Tuesday, October 23, 2012

Bicycling Legend Lance Armstrong Takes a Tumble From His Seat as Hero

Individuals can be victims of crises the same as organizations can.

I had good friends in Portland, Oregon, who were avid bikers. I remember being together during the Tour de France, when they checked the results regularly on TV. They cheered for Lance Armstrong. He was not only much better than every other biker in the world, but he was a cancer survivor involved in raising money for cancer research.

Armstrong's legacy has crashed in disgrace. The Armstrong name used to mean excellence; now, after years of investigation and allegation, it means cheating. The U.S. Anti-Doping Agency now says there is overwhelming evidence Armstrong was involved as a professional cyclist in "the most sophisticated, professionalized and successful doping program." Armstrong continues to insist on his innocence, but has been quiter on the subject lately.

The scandal is costing Armstrong a lot more than his reputation. The latest and greatest fall from grace came Monday when the International Cycling Union stripped the 41-year-old of his record seven Tour de France titles. "'Lance Armstrong has no place in cycling,' said the union's president, Pat McQuaid, announcing that Armstrong is also banned from the sport."  (http://www.cnn.com/2012/10/22/sport/lance-armstrong-controversy/index.html?hpt=hp_t3)

In a statement, the union, world cycling's governing body, wrote, "Today's young riders do not deserve to be branded or tarnished by the past or to pay the price for the Armstrong era."

The French Cycling Federation reissued its call for Armstrong to return 2.95 million euros (nearly $4 million) that he collected for winning the tours. On top of that, SCA Promotions wants its money back. "The Texas insurance company covered bonuses that Armstrong was promised if he won the Tour de France. In 2002, it paid him $1.5 million; in 2003, $3 million, according to a Texas Monthly article that SCA posted on its website. But after his 2005 victory, SCA withheld a promised $5 million bonus, citing reports that Armstrong had doped. He fought back in court and won. SCA had to pay not only the $5 million but also attorneys' costs and fees, bringing the total that year to $7.5 million."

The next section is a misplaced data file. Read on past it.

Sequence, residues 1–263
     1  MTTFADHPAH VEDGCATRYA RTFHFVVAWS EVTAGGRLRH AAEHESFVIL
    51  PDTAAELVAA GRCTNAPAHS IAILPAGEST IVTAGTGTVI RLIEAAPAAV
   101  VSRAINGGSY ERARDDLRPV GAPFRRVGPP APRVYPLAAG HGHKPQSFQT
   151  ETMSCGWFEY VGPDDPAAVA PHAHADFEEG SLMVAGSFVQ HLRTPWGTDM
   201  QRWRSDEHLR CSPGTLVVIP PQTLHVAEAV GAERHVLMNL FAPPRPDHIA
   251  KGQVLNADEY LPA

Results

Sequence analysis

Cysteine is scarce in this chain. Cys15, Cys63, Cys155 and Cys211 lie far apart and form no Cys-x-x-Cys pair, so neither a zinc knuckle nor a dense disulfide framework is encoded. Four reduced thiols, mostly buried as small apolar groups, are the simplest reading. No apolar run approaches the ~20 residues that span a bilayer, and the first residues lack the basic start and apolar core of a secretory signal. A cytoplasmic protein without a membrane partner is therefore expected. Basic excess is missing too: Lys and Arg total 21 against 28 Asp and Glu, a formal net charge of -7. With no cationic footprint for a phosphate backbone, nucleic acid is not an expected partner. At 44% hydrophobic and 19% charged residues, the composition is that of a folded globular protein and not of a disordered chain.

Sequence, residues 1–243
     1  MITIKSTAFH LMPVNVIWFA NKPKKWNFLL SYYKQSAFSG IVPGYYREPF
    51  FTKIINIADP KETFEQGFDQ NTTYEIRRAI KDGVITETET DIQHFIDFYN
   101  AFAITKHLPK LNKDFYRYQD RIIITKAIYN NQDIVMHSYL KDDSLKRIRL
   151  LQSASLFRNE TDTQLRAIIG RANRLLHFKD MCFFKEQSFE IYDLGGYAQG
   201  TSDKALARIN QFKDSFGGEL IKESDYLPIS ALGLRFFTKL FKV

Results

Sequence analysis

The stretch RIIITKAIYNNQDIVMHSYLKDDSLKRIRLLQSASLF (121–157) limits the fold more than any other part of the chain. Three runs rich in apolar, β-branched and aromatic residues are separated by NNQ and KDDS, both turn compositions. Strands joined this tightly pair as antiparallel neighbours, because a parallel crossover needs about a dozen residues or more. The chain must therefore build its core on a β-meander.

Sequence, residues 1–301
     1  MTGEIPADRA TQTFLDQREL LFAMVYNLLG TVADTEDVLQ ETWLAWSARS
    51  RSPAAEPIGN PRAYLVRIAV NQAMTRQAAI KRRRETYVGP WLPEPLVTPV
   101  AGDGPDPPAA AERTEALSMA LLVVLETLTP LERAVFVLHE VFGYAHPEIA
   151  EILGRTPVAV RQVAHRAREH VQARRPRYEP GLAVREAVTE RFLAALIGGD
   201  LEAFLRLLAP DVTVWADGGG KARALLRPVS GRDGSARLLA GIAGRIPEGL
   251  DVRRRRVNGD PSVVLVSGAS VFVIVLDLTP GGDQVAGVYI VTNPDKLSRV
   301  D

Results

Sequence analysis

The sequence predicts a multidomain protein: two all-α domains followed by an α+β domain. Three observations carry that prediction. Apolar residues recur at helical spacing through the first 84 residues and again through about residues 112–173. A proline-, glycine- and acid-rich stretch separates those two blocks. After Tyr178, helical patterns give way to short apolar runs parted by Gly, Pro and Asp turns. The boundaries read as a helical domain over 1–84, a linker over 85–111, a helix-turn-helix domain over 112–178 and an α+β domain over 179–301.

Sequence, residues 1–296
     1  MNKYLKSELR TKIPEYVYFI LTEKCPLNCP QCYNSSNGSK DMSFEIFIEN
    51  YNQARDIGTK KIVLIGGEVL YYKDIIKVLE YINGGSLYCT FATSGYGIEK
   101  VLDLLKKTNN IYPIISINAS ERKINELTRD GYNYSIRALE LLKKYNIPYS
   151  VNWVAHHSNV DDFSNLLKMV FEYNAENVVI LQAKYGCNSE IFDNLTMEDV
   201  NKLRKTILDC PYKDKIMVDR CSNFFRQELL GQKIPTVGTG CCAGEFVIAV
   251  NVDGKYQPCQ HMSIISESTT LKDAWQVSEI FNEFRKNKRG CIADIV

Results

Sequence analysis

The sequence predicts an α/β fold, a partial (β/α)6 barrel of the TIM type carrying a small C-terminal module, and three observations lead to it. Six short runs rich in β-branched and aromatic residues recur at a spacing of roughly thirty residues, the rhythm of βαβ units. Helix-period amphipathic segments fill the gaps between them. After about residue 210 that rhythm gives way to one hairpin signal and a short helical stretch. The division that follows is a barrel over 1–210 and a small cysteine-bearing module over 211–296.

Oakley became the latest on a list of sponsors that have backed out of deals with Armstrong. The company outfitted him in sunglasses and other gear and joined Nike, RadioShack, Anheuser-Busch, and others in pulling the plug. Sponsors, however, vowed to continue supporting the Lance Armstrong Foundation, which fights cancer through a program called Livestrong.

The International Olympic Committee is reviewing the evidence and might revoke Armstrong's bronze medal from the 2000 Sydney Games.

"Monday's news conference turned somewhat contentious as reporters asked whether the cycling union had looked the other way for years despite growing allegations of widespread doping in the sport. Armstrong had made two donations to the union for anti-doping technology."
Perhaps UCI (French abreviation for International Cycling Union) will need to deal with a crisis of its own. "(McQuaid) wrote off any suggestion that Armstrong's contributions had led the organization to make any decision on the issue.
'The UCI has tested Lance Armstrong 218 times. If Lance Armstrong was able to beat the system, then the responsibility for addressing that rests not only with the UCI but also with' the anti-doping agencies that accepted the results, the cycling union said in its statement."
Armstrong resigned as chairman of his foundation (http://www.livestrong.org/) last week but said he will continue to be involved. Some of the foundation's donors are demanding their money back. "We will not be deterred," Armstrong said Friday night at the organization's 15th anniversary celebration in Austin. "We will move forward."
"His attorneys did not immediately respond to CNN's requests for comment Monday, and the foundation said it would not make a statement."
Translation: Neither was prepared.
Armstrong's only hope to deal with this crisis would have been to tell the truth to begin with. That's a lesson for all of us. The bigger the lie, the harder we fall.

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